The Middle East has long held a romantic fascination for the west, characterised by the popular sheikh romance. Yet, as myself and others have argued (Burge 2016; Jarmakani 2015; Teo 2012) in these novels Middle Eastern women are often depicted as helpless, veiled, and silent. This paper approaches romance, gender and the Middle East from a different perspective, analysing two novels written by Middle Eastern women that respond to and challenge the way western popular romance has represented women and the Middle East.
- silence Islamic women for the white heroine
Rise of Islamic chick lit:
These books have the competencies of chick lit genre:
- Urban setting
- Focus on commerce
- Multiple romantic partners rather than single partner
- Cover design and palatte
- Both books explore the exploits of a group of 4 friends
- Both blend western Romantic culture with Arab culture
- References to popular culture and prominent Arab personalities
- Neither was written for a global audience initially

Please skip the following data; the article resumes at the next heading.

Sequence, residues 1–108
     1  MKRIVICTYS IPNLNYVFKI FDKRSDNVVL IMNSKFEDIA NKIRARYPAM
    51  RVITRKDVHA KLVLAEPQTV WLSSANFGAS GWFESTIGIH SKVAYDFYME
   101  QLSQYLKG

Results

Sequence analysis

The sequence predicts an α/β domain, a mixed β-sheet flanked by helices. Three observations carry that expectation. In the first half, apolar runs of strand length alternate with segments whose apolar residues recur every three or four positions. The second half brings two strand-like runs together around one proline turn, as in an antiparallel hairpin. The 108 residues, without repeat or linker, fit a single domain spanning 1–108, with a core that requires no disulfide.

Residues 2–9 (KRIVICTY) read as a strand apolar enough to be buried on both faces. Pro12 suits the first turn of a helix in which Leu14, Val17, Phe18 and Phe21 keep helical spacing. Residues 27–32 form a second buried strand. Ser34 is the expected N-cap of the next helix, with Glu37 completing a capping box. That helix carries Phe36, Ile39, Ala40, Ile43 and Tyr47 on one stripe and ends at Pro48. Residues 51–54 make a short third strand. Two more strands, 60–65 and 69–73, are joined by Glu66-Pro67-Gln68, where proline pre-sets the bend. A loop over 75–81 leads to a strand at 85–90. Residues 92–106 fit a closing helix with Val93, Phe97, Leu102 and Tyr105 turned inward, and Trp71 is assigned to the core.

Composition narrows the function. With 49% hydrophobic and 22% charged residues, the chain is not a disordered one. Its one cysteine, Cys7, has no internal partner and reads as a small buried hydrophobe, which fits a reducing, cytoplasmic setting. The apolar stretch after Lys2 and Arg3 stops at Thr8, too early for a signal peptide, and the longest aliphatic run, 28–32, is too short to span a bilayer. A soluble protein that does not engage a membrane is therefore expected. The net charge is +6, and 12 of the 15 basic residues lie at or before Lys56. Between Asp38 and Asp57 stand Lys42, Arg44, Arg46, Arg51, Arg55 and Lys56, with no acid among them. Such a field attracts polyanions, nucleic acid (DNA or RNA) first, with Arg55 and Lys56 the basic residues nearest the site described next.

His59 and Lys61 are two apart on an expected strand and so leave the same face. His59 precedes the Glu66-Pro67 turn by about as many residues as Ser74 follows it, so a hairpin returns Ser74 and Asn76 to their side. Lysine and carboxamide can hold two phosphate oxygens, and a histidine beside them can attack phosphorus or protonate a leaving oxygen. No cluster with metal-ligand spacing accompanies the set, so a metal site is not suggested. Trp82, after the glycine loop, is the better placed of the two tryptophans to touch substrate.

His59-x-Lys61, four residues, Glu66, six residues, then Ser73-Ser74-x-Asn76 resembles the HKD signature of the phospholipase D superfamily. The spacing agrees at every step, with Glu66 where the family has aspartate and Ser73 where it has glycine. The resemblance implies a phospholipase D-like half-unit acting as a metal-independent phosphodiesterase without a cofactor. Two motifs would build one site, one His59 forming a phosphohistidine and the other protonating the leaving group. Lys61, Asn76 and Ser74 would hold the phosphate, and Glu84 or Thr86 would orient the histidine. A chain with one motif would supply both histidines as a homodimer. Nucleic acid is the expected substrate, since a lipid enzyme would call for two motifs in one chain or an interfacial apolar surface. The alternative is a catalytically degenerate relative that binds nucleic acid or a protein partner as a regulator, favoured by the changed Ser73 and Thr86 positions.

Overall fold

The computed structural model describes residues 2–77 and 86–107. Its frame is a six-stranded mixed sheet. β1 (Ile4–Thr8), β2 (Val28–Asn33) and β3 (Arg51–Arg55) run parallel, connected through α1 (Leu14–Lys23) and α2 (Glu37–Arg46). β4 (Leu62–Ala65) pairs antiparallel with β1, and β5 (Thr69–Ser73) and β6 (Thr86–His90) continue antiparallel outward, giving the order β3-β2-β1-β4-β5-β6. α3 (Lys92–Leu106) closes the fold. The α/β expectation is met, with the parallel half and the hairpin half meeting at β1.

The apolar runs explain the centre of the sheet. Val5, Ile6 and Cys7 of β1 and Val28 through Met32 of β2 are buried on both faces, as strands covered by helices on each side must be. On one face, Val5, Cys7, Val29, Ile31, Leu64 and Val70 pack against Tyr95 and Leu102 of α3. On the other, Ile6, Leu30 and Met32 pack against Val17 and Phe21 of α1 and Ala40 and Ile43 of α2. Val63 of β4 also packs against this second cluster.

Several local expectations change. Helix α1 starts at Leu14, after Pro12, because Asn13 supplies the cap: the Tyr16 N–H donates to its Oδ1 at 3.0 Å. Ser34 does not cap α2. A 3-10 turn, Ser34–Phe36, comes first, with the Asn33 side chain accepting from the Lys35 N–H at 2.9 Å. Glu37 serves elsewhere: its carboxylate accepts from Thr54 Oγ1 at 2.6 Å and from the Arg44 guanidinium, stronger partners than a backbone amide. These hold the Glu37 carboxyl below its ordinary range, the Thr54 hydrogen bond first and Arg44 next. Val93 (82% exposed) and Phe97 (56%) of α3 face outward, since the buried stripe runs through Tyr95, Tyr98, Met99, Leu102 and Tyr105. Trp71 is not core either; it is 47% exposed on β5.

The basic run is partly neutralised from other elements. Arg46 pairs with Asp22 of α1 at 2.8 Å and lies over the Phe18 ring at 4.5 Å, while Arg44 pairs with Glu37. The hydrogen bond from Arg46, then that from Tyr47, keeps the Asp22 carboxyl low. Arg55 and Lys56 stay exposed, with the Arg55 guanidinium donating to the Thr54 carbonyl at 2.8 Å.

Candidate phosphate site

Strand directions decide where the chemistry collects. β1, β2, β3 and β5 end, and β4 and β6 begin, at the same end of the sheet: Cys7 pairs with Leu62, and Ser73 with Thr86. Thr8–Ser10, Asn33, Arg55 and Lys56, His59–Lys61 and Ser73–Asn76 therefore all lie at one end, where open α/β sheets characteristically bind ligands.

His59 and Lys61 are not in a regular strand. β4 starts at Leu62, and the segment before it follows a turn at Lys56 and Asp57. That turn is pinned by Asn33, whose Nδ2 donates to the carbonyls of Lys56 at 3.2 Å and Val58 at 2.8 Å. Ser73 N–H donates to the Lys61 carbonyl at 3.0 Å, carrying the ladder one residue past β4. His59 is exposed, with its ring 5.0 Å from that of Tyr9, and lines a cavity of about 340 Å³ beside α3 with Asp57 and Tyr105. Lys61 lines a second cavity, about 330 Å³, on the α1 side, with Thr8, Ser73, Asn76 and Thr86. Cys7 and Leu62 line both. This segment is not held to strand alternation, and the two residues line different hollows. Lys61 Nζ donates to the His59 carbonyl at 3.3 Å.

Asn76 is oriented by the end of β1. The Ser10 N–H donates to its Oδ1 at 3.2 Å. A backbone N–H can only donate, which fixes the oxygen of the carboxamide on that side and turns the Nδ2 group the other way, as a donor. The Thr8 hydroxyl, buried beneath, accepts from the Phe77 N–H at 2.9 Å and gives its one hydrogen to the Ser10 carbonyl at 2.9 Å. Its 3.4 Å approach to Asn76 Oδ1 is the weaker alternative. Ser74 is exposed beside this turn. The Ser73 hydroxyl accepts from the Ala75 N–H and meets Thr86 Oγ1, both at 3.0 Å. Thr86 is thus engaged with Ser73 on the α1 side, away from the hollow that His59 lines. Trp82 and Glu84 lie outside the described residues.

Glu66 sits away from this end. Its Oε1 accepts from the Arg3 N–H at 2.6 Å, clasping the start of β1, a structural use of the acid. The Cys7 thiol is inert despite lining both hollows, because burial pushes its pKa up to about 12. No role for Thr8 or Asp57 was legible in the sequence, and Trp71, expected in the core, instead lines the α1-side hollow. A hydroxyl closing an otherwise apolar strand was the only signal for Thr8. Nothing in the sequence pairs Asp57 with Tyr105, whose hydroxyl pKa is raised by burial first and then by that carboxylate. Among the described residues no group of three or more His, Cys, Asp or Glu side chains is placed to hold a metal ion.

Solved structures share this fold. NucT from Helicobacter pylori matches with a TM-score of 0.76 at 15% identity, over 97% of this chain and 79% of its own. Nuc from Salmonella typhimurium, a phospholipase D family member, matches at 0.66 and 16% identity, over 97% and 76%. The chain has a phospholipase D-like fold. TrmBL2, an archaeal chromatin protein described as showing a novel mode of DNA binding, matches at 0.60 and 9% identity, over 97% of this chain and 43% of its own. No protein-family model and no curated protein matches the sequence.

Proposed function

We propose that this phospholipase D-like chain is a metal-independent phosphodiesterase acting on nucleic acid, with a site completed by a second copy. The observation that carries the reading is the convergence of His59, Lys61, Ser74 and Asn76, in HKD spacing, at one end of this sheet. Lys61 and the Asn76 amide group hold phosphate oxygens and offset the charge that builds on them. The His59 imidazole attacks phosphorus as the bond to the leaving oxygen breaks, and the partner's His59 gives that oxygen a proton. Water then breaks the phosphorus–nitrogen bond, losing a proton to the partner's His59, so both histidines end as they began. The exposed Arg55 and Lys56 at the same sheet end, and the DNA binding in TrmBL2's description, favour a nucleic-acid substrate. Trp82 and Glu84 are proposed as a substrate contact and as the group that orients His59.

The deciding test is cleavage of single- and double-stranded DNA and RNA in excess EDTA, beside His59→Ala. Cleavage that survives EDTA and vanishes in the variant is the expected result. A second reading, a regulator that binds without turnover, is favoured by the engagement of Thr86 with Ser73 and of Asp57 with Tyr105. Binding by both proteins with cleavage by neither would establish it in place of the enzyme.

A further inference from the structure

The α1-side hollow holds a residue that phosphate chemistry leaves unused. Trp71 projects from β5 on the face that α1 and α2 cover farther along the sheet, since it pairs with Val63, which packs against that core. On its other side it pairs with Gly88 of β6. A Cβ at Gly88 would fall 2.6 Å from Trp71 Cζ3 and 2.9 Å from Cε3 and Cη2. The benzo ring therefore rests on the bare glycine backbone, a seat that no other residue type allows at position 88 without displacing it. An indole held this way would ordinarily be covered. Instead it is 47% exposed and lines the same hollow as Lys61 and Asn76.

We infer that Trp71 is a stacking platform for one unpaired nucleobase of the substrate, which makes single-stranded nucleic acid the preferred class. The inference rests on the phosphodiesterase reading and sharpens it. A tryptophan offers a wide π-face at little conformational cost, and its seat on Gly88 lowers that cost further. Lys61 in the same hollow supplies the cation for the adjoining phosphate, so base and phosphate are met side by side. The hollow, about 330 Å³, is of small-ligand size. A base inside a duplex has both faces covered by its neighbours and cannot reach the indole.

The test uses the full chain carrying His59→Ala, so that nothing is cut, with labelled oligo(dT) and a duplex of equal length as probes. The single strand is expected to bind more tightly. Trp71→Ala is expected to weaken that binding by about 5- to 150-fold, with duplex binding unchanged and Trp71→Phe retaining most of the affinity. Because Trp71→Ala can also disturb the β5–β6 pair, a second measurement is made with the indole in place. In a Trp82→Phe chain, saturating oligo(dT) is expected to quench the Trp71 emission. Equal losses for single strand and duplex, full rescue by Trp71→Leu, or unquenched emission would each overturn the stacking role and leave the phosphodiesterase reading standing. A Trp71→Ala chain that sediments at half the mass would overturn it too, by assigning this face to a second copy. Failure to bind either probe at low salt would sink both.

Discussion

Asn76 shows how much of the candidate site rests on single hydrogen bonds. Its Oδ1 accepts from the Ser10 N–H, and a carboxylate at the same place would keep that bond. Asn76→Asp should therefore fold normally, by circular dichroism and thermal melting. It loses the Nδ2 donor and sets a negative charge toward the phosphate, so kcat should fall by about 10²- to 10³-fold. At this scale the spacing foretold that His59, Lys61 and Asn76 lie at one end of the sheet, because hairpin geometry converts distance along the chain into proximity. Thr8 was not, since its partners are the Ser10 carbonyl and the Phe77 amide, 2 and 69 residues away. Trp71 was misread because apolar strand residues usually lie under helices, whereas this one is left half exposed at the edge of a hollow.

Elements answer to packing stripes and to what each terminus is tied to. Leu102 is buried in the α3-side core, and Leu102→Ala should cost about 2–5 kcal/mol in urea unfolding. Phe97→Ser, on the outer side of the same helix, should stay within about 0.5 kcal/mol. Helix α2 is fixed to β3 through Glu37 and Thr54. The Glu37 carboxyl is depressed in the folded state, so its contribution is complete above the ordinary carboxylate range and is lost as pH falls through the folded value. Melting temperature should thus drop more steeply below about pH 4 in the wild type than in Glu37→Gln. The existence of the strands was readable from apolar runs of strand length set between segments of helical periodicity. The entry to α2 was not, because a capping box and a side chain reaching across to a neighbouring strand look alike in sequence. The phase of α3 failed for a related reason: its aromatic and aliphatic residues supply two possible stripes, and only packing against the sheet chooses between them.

- Both were actually banned for a while but now available
- The novels celebrate the western heritage of the ‘chicklit foremothers’ but at the same time they are critical of it
Authors were very aware of the exoticism of Arab women in sheik romance, and wanted to make sure they weren’t doing the same thing
- Author Amber Al-Hakawati acknowledges the influence of chick lit but specifically avoids writing sheikh romance and it’s problematic overtones
- It takes away the exoticism, and gives characters depth.
- She wanted to write a more thoughtful reflection on the representation of Arab men and women.
- Girls of Riyadh has a more literary aspiration.
- Author Rajaa Alsanea tries to position it against literary fiction while at the same time claiming not to be worthy of such classification.
What makes a romance ‘global’ or local’?
Girls Of Riyadh and Desperate in Dubai are dual citizens – inserted in their own literary traditions in addition to western foremothers